Mosque Problems: US Muslims Explore Solutions at ISNA Conference
HOUSTON – American mosques do not meet the prophetic ideal, according to three expert panelists speaking at the 55th annual national conference of The Islamic Society of North America (ISNA) during a panel titled “Realizing the Prophetic Masjid.”
Instead, American Muslims often find their mosques unwelcoming, exclusive, un-dynamic and failing to meet the diverse needs of the community.
Speaker Ihsan Bagby is an associate professor in the Department of Islamic Studies at the University of Kentucky. He said American mosques can make one simple change if they want their place of worship to more closely resemble that of the Prophet Muhammad’s (peace be upon him) – make offering salaams a priority.
“When you walk into the masjid you should feel a sense of community and of welcoming,” he said. He related a story of when he visited a new mosque. He said it took a month before anyone spoke to him or greeted him with “Salaam.”
“This isn’t right,” he said. “We have to make our masjids more welcoming, you need people at the door who give salaam when people come in and when they leave.”
Bagby said the responsibility not only lies with congregants to greet and welcome one another but also to those in positions of authority.
“Leadership has to take it upon themselves to have sermons about it, to make sure they go around to all the different groups (that people create within the mosque) and give salaam,” he said. “They have to create that culture.”
Problem for Younger Generations
Panelist Dr. Asra Ali, an executive member of ISNA, said she is concerned that mosques in the United States don’t function well for those they seek to serve. She said this is a major problem for Muslims, particularly young people, and could have dire consequences.
“So many people are struggling and they need a place where they can feel at home, especially college students who may be away from their families,” Ali said.
“What they’re seeking is not being provided for them by their mosque, and as a result, they’re finding a peer group that’s outside of the Muslim community.”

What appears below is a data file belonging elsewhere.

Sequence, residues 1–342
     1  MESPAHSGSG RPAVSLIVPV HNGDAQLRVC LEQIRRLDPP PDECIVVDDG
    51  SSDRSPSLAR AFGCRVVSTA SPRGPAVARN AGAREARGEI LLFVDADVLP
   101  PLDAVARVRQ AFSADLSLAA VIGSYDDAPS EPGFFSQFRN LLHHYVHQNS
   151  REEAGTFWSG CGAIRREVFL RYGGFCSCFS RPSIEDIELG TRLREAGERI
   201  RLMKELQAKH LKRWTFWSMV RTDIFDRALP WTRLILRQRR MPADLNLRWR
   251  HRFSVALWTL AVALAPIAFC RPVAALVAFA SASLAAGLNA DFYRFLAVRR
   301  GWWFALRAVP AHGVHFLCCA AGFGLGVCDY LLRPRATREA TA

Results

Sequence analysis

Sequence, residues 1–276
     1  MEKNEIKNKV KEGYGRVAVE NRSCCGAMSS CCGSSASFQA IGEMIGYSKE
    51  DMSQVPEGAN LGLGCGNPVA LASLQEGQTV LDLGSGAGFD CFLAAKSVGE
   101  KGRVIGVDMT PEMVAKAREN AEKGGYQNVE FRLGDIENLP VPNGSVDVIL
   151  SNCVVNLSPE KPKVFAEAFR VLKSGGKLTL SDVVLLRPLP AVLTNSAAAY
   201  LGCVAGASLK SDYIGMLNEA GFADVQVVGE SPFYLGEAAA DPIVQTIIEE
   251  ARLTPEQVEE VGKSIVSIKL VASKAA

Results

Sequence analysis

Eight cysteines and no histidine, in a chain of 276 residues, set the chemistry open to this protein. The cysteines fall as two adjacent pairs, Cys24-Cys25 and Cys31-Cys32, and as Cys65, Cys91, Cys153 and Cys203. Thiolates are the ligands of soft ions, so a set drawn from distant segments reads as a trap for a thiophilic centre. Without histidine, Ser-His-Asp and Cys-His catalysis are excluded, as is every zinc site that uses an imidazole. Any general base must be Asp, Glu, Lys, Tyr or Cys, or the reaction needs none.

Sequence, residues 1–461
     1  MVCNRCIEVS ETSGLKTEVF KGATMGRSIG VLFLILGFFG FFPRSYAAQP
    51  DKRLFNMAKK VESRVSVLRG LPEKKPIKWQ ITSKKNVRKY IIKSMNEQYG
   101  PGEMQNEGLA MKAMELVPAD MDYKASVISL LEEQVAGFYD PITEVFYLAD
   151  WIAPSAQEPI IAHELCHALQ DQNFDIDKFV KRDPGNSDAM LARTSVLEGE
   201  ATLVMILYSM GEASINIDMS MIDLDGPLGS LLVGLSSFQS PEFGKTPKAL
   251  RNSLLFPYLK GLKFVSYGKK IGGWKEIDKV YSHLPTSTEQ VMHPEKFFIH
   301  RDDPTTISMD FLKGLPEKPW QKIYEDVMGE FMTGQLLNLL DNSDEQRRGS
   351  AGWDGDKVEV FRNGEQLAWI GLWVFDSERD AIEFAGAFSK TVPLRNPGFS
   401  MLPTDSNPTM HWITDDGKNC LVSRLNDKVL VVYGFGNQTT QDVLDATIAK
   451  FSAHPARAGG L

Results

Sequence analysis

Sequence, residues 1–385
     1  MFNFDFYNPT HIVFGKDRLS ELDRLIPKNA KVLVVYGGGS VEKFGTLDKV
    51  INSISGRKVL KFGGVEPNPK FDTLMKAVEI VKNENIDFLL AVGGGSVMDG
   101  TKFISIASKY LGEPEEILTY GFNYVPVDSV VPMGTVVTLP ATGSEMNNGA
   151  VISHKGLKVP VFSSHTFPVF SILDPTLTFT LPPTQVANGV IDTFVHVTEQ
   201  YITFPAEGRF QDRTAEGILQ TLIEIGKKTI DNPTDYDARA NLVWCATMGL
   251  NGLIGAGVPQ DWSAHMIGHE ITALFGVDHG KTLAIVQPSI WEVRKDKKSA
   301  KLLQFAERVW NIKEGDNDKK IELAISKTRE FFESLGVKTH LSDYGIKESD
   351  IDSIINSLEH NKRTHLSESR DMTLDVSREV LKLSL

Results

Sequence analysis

She said this is especially true for young professionals. “This is the demographic we’re losing the most.”
However, it’s not just the youth or those in their 20s who are feeling alienated, the panelists said, but many of the diverse groups of Muslims, including converts, women, the disabled and the elderly.
Ali said she’s heard numerous stories of people of all stripes feeling so unwelcome and so unsatisfied with their local masjid that they simply stop going.
“This trend of becoming unmosqued leads us to losing Muslims left and right,” she warned.
So how do we make needed changes to transform American mosques to models of those in which the Prophet (peace be upon him) dwelled in?
Ali advocated for a diverse and inclusive leadership body that represents all of the mosque’s demographics to create mosques that meet the needs of all they serve.
She said an ideal mosque is one where people gather; where women have beautiful, clean and adequate spaces to pray; where different groups receive tailored and inspirational programming; where congregants relax, and where people can discuss and debate community governance.
“The prophetic mosque was the original community center, and we need to go back to that,” she said, adding that women need to be involved if such mosques are going to be a success.
“Let the women speak for themselves,” Ali said. “It shouldn’t be an all-male board deciding what we need and what is a beautiful space for me to pray.”